Eyeing the competition? (Shawn Thew/EPA)

Speaker John Boehner's rocky relationship with conservatives in the House of Representatives just got a little more complicated.

On Tuesday night, hours before the House was about to wrap up one of its last days before a six-week break, a soft-spoken two-term congressman surprised almost everybody and filed a rare "motion to vacate the chair" against Speaker Boehner.

The resolution is exactly what it sounds like: Rep. Mark Meadows (N.C.) wants Boehner out of his speaker's chair and to force an election for a new one.

Analysts and lawmakers questioned Meadows's motives, especially since he introduced his challenge in a way to cause limited damage to Boehner. But it could make Boehner's ability to control an increasingly uncontrollable caucus even more difficult. Here's what you need to know about it.

What exactly is Meadows trying to do?

When Meadows, one of the party's most conservative lawmakers, decided he wanted to challenge Speaker Boehner's leadership, he had two options:

  1. Introduce the challenge in the form of a question of privilege. The century-old precedence of privilege means this issue is so important it takes precedence over everything else the House is doing. The House would then vote in two days on electing a new speaker.
  2. Introduce the challenge as a resolution, which then winds its way like any other bill through committee to be considered.

He chose option No. 2, thereby taking away the urgency from his proposition and almost guaranteeing there will not actually be a vote to elect a new speaker.

So then why did Meadows issue the challenge?

That's a good question. Meadows said he wanted to start a "family discussion" among conservatives who feel marginalized in the House.

"It's really more about trying to have a conversation on making this place work, where everybody's voice matters, where there's not a punitive culture," he said.

But was this the best way to go about it?

Some of his Republican colleagues openly questioned Meadows's motives. Maybe he wanted to fundraise off the "gimmick," muttered Rep. Devin Nunes (R-Calif.) to Washington Post's congressional reporter Mike DeBonis.

Meadows isn't saying whether he'll push for an actual vote to elect a new speaker or call for a slightly less serious but no-less-embarrassing vote of no-confidence against Boehner.

The challenge's lack of clarity makes it especially difficult for Boehner to respond, said American University's Patrick Griffin, a former top congressional aide to President Bill Clinton.

"I think that's part of the struggle that Speaker Boehner has to understand -- what do they want?" he said.

Why is this happening now?

As with everything in politics and life, there's a backstory.

The tea party coalition and Boehner have had a contentious relationship since the conservative coalition's rise in 2010. Year after year, vote after vote, Boehner appeared caught in between the two major factions in his own party, often unable to pass major legislation without Democrats coming to his rescue.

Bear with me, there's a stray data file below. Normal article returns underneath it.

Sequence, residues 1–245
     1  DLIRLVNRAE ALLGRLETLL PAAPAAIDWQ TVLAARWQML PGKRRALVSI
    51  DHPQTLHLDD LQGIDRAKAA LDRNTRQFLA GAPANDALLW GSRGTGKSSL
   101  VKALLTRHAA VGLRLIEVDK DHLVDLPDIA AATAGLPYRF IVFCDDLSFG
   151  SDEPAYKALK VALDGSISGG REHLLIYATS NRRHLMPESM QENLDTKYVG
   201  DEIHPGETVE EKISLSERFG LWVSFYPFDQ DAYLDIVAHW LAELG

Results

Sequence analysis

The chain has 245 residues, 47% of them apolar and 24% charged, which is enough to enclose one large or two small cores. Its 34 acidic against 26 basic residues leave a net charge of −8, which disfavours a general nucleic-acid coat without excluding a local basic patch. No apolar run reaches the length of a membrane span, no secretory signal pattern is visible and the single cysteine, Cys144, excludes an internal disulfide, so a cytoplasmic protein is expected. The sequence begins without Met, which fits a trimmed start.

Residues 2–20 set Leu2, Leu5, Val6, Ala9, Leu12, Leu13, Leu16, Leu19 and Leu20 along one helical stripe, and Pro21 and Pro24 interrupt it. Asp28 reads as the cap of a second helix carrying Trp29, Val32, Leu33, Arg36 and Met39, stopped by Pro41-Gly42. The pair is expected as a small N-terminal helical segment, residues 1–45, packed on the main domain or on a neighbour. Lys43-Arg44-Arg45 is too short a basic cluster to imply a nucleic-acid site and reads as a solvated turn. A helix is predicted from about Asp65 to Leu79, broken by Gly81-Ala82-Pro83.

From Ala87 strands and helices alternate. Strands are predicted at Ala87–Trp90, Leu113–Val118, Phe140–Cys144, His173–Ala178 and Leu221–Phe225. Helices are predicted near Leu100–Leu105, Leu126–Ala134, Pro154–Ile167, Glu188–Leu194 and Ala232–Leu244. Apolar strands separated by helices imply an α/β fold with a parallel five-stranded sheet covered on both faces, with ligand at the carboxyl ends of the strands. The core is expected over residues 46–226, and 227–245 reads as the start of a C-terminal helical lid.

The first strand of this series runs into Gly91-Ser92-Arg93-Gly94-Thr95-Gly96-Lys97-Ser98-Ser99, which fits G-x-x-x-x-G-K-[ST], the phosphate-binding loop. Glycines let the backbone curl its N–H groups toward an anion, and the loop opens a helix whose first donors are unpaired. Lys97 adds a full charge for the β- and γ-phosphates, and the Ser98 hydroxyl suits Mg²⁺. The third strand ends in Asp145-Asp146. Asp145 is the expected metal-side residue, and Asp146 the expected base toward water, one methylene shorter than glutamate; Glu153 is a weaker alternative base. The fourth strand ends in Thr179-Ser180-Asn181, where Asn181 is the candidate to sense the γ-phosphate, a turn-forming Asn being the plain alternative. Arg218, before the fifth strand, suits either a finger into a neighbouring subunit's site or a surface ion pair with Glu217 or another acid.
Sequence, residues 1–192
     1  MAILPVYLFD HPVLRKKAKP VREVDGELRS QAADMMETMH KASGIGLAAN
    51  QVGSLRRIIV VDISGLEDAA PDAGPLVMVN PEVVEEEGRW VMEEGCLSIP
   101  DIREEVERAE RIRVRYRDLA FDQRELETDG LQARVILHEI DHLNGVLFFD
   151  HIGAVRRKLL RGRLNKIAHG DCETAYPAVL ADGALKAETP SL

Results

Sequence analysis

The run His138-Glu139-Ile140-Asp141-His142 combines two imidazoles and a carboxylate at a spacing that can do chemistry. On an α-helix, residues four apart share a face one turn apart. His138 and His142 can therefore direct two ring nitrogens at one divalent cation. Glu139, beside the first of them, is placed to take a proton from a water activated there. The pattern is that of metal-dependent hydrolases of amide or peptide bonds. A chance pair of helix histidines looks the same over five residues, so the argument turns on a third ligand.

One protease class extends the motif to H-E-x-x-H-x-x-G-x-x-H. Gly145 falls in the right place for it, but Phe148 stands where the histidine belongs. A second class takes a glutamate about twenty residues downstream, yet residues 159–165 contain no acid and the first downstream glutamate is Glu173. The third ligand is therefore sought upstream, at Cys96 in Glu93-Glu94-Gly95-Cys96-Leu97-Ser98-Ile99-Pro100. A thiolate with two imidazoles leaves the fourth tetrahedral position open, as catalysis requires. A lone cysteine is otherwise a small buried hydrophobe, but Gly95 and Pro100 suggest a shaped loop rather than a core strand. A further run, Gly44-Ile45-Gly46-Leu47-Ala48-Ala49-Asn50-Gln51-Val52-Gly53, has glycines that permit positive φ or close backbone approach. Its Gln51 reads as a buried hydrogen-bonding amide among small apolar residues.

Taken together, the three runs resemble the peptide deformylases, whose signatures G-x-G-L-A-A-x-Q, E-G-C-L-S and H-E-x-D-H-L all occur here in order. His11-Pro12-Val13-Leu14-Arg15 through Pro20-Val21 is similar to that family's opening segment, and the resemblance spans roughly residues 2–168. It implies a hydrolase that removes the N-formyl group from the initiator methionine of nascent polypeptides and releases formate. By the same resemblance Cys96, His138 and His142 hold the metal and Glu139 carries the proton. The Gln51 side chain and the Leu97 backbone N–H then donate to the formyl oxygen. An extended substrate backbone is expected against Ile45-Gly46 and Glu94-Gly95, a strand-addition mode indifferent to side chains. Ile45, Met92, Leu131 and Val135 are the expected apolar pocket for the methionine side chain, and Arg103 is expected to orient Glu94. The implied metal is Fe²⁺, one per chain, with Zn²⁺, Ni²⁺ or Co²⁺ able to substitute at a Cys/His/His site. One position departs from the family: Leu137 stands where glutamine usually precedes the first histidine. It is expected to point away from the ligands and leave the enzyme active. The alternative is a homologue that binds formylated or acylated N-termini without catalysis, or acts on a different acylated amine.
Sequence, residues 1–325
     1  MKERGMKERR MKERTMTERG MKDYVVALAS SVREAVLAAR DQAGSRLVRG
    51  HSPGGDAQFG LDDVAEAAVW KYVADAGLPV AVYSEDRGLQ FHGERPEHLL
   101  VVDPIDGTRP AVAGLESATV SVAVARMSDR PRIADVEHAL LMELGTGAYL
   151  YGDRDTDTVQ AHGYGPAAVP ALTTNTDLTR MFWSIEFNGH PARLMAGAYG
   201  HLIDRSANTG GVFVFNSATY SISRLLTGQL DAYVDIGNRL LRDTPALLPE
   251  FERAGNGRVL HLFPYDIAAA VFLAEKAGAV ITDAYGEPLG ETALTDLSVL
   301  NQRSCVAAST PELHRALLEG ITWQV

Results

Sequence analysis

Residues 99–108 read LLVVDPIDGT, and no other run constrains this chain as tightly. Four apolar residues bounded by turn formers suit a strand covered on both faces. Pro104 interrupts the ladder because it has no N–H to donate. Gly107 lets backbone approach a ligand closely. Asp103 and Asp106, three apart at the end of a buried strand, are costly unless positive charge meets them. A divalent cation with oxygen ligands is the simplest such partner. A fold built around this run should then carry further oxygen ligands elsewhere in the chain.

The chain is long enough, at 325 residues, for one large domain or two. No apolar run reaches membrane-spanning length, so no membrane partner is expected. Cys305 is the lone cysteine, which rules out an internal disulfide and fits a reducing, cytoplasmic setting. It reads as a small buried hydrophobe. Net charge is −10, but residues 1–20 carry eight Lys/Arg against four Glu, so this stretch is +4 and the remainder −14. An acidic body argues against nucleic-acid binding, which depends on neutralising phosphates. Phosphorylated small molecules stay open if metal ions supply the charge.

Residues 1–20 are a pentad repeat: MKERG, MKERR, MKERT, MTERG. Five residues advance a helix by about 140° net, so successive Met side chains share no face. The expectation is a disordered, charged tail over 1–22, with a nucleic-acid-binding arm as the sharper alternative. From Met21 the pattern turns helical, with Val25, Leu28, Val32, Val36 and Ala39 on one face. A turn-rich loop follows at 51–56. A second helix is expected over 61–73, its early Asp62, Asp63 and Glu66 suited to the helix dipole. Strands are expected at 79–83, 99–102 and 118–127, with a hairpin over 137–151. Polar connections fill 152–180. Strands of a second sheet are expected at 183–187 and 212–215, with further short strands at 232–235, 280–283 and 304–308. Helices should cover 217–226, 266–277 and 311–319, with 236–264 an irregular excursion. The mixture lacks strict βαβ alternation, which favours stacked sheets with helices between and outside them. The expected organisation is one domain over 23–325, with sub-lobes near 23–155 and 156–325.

But Politico's Jake Sherman and Lauren French reported Boehner's team didn't see this coming, even though Boehner and Meadows recently had a spat.

Meadows is the chair of a subcommittee of the Oversight and Government Reform committee. Last month, Boehner kicked Meadows out of that chair to punish Meadows for voting against trade legislation. (Boehner later reinstated Meadows in the face of conservative outrage.)

Griffin said he thinks Boehner's leadership had to expect this was coming from an increasingly unruly caucus.

"In this political world that we're in today, there's no downside for making a scene," he said.

Has this kind of thing happened before?

So, unofficial challenges to a speaker are percolating behind closed doors, experts say. There were at least two coup attempts against Speaker Newt Gingrich (R-Ga.) in the '90s (that Boehner himself participated in).

"On any given day, a member is unhappy [with leadership]," said David Rehr, a public policy professor at George Washington University.

What's rare is for the discontent to bubble up to the surface and make headlines.

The last legislative challenge to a speaker came in 1910, when Rep. George Norris (R-Neb.) led a charge to strip Speaker Joe Cannon of his absolute power.

He wasn't trying to unseat the speaker, but with the help of Democrats, he did succeed in taking some of Cannon's power away.

Does this challenge have a chance?

Not a chance. To be sure, there are some conservatives who support Meadows, and the conservative Freedom Works organization quickly endorsed the move.

But just like a century ago, its success would depend on Democrats jumping on board, and Democratic leaders have signaled they're not interested.

Instead, they're having a "chuckle," Griffin said, at the intraparty antics that only fuel a narrative of a chaotic and extreme Republican party.

And it is a pretty bad situation for Boehner, even though he's not in danger of losing his job. This threat comes right before the six-week recess, which Boehner and his leadership team had hoped to spend rallying support to vote down President Obama's nuclear deal with Iran.

Now he faces headlines and lawmakers questioning, once again, his ability to do his job.

"If you have to work this hard to keep your own party in check," Griffin wondered, "how do you then create a foundation to work with the opposition and still try to govern?"